Local Man Helps Collect 150 Canadian Stories of Peace for New Book

“Peace comes in many forms,” says Old Ottawa East resident Yves Morneau. He is marking Canada’s 150th birthday by helping to judge submissions for a book about peace. Photo by): John Dance

“Peace comes in many forms,” says Old Ottawa East resident Yves Morneau. He is marking Canada’s 150th birthday by helping to judge submissions for a book about peace. Photo by): John Dance

“Peace comes in many forms,” says Old Ottawa East resident Yves Morneau. He should know, having spent decades living and working in conflict-torn areas around the world. Now retired, he is devoting his time to collecting inspiring stories of peace.

Working with fellow peace activists, Morneau is poring over submissions that will be included in a bilingual book of 150 stories about peace to mark Canada’s sesquicentennial. The stories are written by ordinary Canadians using simple language.

“The first story I read was about finding inner peace. I was struck by that. It was written by a new Canadian who had to fight to be accepted here,” Morneau said.

“Other stories stress that peace comes from speaking from the heart and from better communication between people,” added Morneau. “Many of the stories are written by people who previously lived under tyrannical governments but have found peace in Canada.”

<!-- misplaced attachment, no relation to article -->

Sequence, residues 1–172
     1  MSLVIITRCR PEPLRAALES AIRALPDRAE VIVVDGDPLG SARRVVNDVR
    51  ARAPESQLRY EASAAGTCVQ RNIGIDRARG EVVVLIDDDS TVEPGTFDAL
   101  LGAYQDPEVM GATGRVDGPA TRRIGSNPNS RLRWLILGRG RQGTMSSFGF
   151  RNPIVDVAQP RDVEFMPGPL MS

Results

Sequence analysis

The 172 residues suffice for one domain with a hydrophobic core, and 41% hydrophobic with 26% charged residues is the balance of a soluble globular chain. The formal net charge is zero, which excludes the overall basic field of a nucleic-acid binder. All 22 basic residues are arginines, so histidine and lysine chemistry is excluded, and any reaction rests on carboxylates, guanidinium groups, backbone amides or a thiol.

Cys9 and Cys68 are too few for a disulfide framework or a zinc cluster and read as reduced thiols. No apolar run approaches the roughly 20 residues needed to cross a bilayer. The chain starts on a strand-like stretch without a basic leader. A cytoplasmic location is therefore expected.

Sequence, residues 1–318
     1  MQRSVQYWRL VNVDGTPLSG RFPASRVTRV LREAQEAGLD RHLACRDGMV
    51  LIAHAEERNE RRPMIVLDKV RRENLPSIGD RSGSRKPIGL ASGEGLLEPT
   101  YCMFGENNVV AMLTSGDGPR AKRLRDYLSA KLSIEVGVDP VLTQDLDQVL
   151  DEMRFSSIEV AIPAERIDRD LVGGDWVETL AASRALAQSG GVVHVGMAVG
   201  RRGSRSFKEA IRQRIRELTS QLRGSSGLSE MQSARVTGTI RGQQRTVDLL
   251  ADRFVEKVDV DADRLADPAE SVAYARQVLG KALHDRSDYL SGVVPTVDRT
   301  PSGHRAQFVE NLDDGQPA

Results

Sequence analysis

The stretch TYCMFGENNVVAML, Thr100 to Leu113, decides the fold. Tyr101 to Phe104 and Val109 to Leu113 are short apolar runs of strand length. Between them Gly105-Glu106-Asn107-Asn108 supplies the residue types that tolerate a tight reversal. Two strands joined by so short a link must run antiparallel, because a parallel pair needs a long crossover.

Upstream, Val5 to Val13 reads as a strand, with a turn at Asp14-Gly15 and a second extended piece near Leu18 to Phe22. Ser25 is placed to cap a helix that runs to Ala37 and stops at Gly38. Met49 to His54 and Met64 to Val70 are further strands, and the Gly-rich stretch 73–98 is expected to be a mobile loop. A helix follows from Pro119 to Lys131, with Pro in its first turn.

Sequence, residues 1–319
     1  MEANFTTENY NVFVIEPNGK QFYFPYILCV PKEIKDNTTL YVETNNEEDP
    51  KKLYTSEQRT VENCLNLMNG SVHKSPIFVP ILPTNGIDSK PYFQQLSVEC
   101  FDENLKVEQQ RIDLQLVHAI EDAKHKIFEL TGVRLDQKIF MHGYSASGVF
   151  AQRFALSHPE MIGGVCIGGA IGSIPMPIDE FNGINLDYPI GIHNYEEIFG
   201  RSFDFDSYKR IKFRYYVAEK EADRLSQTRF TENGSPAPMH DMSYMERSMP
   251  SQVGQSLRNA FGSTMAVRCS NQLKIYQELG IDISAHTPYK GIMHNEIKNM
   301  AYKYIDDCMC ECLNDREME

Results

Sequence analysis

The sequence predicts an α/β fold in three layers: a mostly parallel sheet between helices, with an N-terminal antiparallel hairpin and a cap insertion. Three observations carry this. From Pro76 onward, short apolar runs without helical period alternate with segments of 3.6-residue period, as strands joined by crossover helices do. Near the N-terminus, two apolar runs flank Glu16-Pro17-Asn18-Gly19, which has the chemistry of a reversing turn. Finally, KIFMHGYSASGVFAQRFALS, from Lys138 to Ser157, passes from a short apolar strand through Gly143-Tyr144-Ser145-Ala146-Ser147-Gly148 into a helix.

“There’s a story from a nine-year-old boy who had a problem with three bullies in his class. He made friends with one of the boys, which solved part of his problem, but he says he still has to figure out how to deal with the other two bullies,” he said.

He has also contributed his own stories, written in French, from a lifetime of work promoting peace. But Morneau admitted with a smile, that he does not get to evaluate whether those are selected. The other members of the selection committee will do that.

Yves Morneau has lived in Old Ottawa East with his wife Lise since 1980. When he retired from the Canadian International Development Agency in 2004, he obtained a masters’ degree in conflict studies from the University of Saint Paul on Main Street. He became chair of the board of the Canadian Institute for Conflict Resolution at the university, and is now a certified peace professional with the Civilian Peace Service Canada.

His colleague with the Civilian Peace Service Canada, spoken word poet and author Evelyn Voigt, says the deadline for submitting stories to the print edition of the book has passed, but online contributions are still welcome.

The book, scheduled to be published by the end of this year, is a project of the Civilian Peace Service Canada, Walking for Peace, and Spirit Wrestlers.

Stories must be true, and can be written in French or English. Submissions must not exceed one page and must be typed in Times New Roman 12-point font. The title of the story and the author’s name should be included at the top of the page. Stories should be submitted by email to 150PeaceStories@gmail.com.

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Filed in: Culture, FP, Front Page

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